In the past few years, we seem to have lost our way with language – or rather, we have let it sweep us up in a tsunami of sayings and buzzwords that are excruciating in their inanity. Nowhere more so than in the corporate jungle of Hong Kong office life.
These words seem designed to obfuscate rather than communicate. They contrive to depersonalise a situation to the point of political correctness and corporate-speak overload. Ironically, they put the breaks on any real meaning, stopping it dead in its tracks. All hope of actual communication is lost in a sea of words and catchphrases that add up to nothing more than grandstanding gobbledegook.
“Reach out” proffers the most saccharine pretence of caring. Some say it falls into the “weasel words” category. It should be used by no one, with the possible exception of pop group the Four Tops. And when it comes to careers, we no longer work in a particular industry. Instead, we are “in” a certain “space”. Lost in space, maybe.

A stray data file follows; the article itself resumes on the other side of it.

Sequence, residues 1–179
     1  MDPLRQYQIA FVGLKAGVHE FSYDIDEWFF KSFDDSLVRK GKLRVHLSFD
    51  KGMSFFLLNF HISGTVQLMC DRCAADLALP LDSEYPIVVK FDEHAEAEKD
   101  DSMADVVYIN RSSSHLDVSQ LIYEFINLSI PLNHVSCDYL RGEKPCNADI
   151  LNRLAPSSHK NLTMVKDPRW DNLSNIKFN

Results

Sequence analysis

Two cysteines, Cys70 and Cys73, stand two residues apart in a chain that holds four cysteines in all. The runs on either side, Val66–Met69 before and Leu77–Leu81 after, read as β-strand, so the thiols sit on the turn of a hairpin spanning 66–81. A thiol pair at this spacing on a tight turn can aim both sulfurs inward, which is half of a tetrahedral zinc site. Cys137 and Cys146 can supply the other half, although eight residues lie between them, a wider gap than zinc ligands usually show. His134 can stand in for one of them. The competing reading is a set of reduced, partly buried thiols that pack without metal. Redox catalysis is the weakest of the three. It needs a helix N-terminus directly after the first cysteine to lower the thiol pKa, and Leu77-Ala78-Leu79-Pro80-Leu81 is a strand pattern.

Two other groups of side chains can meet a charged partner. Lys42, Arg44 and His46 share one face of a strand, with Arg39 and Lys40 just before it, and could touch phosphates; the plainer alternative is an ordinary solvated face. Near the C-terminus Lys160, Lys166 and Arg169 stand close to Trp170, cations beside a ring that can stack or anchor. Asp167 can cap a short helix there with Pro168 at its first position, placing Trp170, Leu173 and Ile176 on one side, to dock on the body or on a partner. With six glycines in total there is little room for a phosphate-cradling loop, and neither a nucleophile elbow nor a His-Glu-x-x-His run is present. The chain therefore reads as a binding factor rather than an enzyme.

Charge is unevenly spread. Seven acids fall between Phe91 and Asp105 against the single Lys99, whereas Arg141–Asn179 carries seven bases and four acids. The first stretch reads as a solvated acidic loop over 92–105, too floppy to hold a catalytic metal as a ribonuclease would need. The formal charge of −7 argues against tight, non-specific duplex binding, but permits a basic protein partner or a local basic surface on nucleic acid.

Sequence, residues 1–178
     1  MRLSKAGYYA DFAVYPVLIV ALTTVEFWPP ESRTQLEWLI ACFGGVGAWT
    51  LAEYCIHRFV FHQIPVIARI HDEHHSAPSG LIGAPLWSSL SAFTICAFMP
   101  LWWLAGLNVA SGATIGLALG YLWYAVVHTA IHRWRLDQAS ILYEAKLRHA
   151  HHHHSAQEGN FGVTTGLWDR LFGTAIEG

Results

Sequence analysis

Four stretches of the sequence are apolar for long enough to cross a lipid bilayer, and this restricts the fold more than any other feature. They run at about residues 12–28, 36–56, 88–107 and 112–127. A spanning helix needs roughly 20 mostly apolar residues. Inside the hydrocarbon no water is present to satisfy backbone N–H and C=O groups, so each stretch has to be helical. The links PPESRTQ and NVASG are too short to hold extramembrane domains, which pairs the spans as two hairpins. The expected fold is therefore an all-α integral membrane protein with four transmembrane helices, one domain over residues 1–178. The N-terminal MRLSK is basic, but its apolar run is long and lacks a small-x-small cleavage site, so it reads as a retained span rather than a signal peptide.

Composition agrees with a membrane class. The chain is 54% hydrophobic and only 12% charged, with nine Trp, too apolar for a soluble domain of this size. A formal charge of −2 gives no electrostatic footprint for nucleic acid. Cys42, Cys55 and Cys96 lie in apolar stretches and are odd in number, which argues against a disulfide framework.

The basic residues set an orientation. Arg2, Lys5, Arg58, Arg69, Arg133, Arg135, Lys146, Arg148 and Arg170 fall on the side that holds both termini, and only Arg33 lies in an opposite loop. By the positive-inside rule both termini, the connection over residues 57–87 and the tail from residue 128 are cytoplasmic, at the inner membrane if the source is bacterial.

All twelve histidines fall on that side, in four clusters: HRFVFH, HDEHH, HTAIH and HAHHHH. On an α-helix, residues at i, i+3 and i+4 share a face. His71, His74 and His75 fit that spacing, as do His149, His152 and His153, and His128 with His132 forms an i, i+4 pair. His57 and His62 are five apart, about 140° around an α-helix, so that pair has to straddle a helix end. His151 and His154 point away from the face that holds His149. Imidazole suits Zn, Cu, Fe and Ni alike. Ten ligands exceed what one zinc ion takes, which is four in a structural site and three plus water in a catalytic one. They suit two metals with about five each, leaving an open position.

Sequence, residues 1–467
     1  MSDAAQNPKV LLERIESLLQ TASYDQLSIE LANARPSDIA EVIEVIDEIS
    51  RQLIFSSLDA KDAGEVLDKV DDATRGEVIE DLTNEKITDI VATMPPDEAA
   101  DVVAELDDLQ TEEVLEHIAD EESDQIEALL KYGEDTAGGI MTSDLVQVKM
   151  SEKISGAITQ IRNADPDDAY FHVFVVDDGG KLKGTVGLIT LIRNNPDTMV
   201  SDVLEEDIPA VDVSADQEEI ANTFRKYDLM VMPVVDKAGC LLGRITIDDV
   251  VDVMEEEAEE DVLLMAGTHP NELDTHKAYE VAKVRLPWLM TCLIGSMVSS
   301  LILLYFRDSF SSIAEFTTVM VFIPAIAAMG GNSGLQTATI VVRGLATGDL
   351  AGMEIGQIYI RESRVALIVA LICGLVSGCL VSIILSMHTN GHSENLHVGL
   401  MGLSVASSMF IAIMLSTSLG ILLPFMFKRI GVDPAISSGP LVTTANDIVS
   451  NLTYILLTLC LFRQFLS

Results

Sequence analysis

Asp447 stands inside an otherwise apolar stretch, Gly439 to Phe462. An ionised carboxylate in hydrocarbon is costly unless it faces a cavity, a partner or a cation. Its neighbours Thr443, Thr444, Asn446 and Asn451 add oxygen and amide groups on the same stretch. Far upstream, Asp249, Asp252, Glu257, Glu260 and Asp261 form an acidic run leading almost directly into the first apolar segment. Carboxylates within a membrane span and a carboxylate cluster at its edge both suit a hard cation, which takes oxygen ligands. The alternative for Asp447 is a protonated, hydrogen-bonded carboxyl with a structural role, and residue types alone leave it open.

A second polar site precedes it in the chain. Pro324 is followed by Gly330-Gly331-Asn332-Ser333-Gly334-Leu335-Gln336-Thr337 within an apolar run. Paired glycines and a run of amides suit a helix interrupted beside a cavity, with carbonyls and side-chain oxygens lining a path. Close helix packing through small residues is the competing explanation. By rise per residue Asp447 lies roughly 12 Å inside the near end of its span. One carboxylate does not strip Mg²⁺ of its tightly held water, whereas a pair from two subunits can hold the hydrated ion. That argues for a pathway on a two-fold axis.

“Drilling down” is another favourite. Unless you’re on an oil rig, I don’t think so. And how about “low hanging fruit”? Perhaps a trip to the doctor might be in order.
These days, “brands” are on a “journey”. So when the buzz-speak kicks in at that early meeting, be sure you “don’t stop believing”. This is my “pain point”. It’s enough to have you wishing you’d prepared a round of buzzword bingo – aka bulls**t bingo – before the session got going; first one to tick them all off wins.
Don’t shout “bingo” too loud, though, you’ll interrupt all that “blue sky thinking”. And when a colleague wants to “circle back”, do resist the urge to break out into the chorus of Circle of Life.
Language is the tectonic plate of communication, constantly shifting and moving, and prone to erupt with exciting new words and phrases that capture meaning in the most delightful ways. However, high on the Richter scale of irritation, it’s hard not to wish that some of the current crop of buzzwords would just buzz off.